Monday, June 16, 2008

Face the Facts!

Is it safe to eat steak whose doneness is other than well done?

Answer from "I always choose well done when I eat steaks. Unfortunately, a large study by the National Institutes of Health, published in the journal Cancer Research, found that well-done red meat was associated with an increased risk of colorectal adenoma, the precursor lesion to colorectal cancer. So, I wish to eat the medium ones one day. However, I think it’s best to taste the medium well first.

I have heard that:
- Rare steak is the steak for the true carnivore who wants meat, but gets it cooked (as little as possible) to be polite
- Medium rare is the recommended level of doneness. Ask any chef how they like their steak and they'll say medium rare
- Medium; if you are grilling for a large group of people this is the best steak to please most everyone
- Medium well; it is the steak for the squeamish who don't want color in their meat
- Well done; most people will tell you that this is the steak for people who don't like steak. While there is some truth to that, it is a popular way to get a steak so any good grill needs to know how to do it.

Despite those facts above, my major concern is that undercooked meat might harbor diseases. For those who eat pork, since pigs are known to be the carriers of various parasitic worms, do you think it is safe to eat pork whose doneness is not well done?

Eating rare steak will not cause food poisoning if kitchen utensils used to cook it are kept clean, it is claimed. University of Nottingham scientists spiked steak samples with E.coli bacteria, then cooked them rare.

The bacteria only survived where the steaks were touched by utensils that were not cleaned after being used to handle raw meat, researchers found.

The study dispels the myth that eating rare steak is in itself unsafe, the Meat and Livestock Commission said.


The tests, carried out on behalf of the commission, were designed to establish once and for all whether serving rare steak posed a health risk.

To determine whether food poisoning bacteria could survive the cooking process, steak samples taken from separate fillets were spiked with E.coli.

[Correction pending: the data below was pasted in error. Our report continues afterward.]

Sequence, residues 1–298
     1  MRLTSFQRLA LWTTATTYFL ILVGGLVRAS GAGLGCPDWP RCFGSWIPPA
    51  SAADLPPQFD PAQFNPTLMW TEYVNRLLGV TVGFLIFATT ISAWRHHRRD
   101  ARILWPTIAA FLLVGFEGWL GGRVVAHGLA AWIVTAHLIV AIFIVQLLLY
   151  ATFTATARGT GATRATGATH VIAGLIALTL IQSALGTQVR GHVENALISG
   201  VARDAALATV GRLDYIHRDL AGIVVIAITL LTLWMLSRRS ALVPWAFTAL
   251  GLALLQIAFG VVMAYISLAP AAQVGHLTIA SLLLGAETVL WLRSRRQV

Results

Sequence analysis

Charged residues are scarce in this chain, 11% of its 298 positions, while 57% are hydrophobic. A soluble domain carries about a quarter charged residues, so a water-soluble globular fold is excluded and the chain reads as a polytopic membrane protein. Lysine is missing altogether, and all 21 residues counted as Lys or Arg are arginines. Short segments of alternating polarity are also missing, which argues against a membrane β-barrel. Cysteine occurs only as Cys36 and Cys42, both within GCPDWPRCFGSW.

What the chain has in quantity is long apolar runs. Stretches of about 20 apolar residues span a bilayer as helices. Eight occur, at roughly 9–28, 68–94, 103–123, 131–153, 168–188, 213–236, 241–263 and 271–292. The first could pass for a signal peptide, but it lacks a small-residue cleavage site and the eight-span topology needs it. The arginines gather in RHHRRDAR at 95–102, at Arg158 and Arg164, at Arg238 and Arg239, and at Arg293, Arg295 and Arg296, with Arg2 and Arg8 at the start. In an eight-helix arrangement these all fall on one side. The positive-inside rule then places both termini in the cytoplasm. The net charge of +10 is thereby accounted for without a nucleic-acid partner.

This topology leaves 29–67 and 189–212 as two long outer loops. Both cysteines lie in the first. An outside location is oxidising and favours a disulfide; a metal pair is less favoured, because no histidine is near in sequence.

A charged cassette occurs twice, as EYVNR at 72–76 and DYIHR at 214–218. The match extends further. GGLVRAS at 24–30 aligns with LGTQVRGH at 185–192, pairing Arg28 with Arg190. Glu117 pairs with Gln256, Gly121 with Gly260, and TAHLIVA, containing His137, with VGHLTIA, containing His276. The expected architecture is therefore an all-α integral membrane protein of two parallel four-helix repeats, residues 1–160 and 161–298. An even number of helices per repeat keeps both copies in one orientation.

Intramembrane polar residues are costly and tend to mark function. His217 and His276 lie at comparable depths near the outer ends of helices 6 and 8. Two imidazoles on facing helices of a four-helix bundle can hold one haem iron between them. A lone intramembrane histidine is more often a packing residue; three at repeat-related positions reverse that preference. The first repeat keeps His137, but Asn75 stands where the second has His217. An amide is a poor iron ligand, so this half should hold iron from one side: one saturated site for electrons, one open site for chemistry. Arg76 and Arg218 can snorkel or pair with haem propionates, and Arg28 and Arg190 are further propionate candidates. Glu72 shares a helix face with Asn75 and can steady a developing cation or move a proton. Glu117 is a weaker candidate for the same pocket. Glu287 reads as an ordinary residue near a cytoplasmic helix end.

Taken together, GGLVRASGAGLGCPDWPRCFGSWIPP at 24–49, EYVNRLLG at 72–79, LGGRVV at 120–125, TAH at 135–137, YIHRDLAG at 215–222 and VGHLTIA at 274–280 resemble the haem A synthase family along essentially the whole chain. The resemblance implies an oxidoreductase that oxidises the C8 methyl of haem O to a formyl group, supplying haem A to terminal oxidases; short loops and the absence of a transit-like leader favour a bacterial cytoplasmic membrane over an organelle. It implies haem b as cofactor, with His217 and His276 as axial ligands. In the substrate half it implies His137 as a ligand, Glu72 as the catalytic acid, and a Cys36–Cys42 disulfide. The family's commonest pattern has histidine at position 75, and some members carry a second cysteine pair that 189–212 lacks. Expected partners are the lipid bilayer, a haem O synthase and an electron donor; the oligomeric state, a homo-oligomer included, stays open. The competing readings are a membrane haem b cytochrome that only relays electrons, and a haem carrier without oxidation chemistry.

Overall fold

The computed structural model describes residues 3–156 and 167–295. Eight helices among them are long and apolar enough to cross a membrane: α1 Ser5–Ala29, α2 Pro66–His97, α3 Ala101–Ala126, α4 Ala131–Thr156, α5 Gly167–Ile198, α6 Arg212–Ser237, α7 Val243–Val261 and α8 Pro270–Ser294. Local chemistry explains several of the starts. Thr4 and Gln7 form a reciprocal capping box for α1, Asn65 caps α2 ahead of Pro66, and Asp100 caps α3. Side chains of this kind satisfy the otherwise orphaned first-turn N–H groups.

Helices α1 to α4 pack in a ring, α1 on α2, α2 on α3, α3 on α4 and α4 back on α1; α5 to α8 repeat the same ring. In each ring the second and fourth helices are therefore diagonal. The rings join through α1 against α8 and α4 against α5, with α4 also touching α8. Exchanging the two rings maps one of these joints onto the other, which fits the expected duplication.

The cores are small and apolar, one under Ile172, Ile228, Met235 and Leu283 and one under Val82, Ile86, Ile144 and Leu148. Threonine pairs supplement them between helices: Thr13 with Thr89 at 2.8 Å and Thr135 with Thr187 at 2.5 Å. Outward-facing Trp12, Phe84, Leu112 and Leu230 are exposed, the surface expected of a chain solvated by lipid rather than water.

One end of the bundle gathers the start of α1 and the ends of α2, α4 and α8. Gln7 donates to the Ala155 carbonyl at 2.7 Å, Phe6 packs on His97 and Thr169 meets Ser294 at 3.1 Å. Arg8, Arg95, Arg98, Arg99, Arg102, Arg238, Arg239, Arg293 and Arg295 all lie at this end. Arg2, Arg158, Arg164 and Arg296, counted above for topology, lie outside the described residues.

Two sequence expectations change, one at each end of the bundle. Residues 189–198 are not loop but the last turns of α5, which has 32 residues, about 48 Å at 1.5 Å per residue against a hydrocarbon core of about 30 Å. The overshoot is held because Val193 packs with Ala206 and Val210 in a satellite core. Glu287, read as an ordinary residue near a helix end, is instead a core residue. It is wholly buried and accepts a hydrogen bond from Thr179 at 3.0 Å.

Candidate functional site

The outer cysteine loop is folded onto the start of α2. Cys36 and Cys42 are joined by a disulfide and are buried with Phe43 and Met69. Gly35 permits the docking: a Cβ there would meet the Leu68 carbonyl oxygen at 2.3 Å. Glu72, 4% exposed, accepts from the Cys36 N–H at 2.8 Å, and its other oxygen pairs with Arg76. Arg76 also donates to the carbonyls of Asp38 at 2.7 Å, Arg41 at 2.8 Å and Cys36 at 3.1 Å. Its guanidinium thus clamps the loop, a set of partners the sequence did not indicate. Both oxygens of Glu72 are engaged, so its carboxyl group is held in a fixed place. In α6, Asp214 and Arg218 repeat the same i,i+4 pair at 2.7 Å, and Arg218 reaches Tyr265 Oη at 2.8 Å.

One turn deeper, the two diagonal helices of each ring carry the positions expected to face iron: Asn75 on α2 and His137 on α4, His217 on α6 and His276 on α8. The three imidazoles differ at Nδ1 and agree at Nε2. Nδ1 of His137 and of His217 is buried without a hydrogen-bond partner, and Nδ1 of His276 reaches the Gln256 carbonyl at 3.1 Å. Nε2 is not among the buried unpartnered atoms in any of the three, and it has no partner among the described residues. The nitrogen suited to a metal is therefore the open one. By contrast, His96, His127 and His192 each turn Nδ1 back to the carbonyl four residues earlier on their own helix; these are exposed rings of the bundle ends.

The bacteria, which are known to die at high temperatures, were still present in the samples even after cooking.

But it was found that the cells' survival was caused by recontamination of the steaks during cooking, via the tongs used to turn them.

Bacteria such as E.coli can cause food poisoning

Scientists then spiked more steaks and cooked them - but sterilised the tongs in ethanol between turns to ensure that the tongs could not recontaminate the meat.

This time, no E.coli was detected.

The study concluded that rare steak can be produced safely provided that food poisoning bacteria are not reintroduced by contaminated utensils.

The Meat and Livestock Commission said there should no longer be any doubt over the safety of rare steak - a claim supported by advice issued by the Food Standards Agency.

Its guidelines state that whole cuts of meat, such as steaks, cutlets and joints, are only ever contaminated by bacteria on the outside of the meat, which are destroyed during cooking even if the middle of the meat is pink, or rare.

The agency also stresses the importance of keeping utensils clean while cooking any type of meat, to ensure that bacteria are not spread from raw to cooked foods."

So, please do not tell me I am unhealthy because I like my steak cooked medium-rare.

1 comment:

amanda bee said...

ooh girl - i had to comment on this - i don't mean to keep chiming in on your blogs - but anyone who cooks a steak anything OTHER than medium or below might as well skip a steak all together - all your eating is shoe leather in my opinion. why ruin a perfectly good cut of meat? ooh, this one gets me all fired up - waiting tables for five years and having people think you're crazy for offering anything other then WELL has made me sort of nuts about it!